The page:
There's someone who may want the University of Oklahoma to win the Big 12 Championship more than anybody else, and it's not that die-hard Sooner fan in your family.
Local screen printers have been gearing up for the game for the past two weeks, hopeful for an OU win and anxious about the bowl game announcements that follow.
The reason? When OU or Oklahoma State University wins, so do they.
Collegiate merchandise is big business for these screen printing companies — or at least a hefty boost in sales. If Oklahoma wins today's Big 12 Championship, many will become 24-hour operations, producing thousands of T-shirts seconds after the Big 12 champion is announced.
"A lot of our success depends on OU's success,” said Julie Lulla-Barajas, spokeswoman for USA Screen Printing and Embroidery, the state's largest screen printer.
For the past seven years, USA Screen Printing has re-opened its retail store to begin selling T-shirts the same night of any bowl or Big 12 championship game that involves OU or OSU. This year will be no different.
If OU wins, the store at 3100 S Meridian Ave. will be open between 10 p.m. and at least midnight tonight to sell up to 5,000 Big 12 Championship T-shirts hot off the presses.
"We'll have people come in and buy 50 to 100 shirts because their whole family and friends are at the game,” said Charlene Ramsey, USA's general manager of production. "That's how quick it can get out of hand.”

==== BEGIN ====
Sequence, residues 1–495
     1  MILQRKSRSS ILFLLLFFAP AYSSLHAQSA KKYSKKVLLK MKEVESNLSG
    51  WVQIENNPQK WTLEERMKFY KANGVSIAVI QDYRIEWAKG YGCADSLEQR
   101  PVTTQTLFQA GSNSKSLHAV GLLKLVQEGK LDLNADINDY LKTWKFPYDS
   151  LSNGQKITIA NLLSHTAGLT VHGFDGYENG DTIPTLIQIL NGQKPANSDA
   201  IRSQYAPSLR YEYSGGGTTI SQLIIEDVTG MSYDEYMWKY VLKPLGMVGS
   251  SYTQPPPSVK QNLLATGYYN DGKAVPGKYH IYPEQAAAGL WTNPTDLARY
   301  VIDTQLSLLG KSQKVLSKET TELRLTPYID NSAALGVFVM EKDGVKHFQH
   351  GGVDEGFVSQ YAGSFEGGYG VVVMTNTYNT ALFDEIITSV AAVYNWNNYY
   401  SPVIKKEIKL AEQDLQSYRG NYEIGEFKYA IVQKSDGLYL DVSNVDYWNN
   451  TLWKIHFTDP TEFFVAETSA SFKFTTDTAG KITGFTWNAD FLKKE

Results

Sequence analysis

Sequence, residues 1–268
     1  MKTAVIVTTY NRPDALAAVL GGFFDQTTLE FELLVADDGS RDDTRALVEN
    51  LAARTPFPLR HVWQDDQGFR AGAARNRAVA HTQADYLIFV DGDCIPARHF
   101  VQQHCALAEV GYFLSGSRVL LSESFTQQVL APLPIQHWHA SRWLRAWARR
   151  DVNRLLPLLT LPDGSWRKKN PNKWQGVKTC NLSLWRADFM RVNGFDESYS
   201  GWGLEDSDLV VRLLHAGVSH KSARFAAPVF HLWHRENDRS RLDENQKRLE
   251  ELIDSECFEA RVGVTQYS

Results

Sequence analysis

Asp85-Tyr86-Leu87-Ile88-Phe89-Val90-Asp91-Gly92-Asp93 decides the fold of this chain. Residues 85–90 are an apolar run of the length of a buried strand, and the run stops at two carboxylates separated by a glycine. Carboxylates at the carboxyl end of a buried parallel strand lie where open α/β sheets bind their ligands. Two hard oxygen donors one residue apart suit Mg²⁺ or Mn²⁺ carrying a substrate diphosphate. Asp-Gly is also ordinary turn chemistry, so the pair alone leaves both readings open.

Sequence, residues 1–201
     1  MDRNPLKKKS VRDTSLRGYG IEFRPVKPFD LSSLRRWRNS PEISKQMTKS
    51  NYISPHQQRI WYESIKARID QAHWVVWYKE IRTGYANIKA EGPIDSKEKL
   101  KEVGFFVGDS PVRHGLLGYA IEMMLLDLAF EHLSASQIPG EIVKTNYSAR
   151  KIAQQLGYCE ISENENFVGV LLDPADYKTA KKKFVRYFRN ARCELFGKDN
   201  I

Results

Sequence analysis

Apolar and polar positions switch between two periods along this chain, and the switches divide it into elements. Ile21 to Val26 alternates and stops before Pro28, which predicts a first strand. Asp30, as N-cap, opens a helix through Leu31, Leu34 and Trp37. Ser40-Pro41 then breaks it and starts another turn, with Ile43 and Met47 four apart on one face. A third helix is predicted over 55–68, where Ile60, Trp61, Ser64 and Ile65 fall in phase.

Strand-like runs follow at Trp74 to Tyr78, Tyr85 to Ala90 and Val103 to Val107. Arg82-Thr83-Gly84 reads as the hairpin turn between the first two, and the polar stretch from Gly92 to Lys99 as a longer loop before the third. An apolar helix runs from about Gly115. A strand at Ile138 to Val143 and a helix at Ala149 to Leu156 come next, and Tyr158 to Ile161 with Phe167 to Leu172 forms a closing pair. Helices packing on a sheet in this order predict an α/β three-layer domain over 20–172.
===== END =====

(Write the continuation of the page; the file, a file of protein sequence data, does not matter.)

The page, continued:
Getting to that point, though, is no easy task.
Even at kick-off time, Jones and his production team begin prepping the presses to produce 450 to 600 shirts per hour. By the third quarter, everybody — including the sales staff — is on the clock and ready to go.
"It's extremely hectic and busy,” said Jeffrey Jones, USA's production manager. "It's a whole lot of hurry-up-and-wait and then once you can go, it looks like you set the ants loose.”
Short-sleeve shirts cost $16.95, and long-sleeve are $19.95.
Jeff Melton, president of Hard Edge Design in Norman, described a similar scenario.
"We're pre-scheduled for 48 hours of continuous production,” he said. "Usually what we'll do is we'll have two sets of press crews, and we'll run eight- to 10-hour shifts and rotate those out.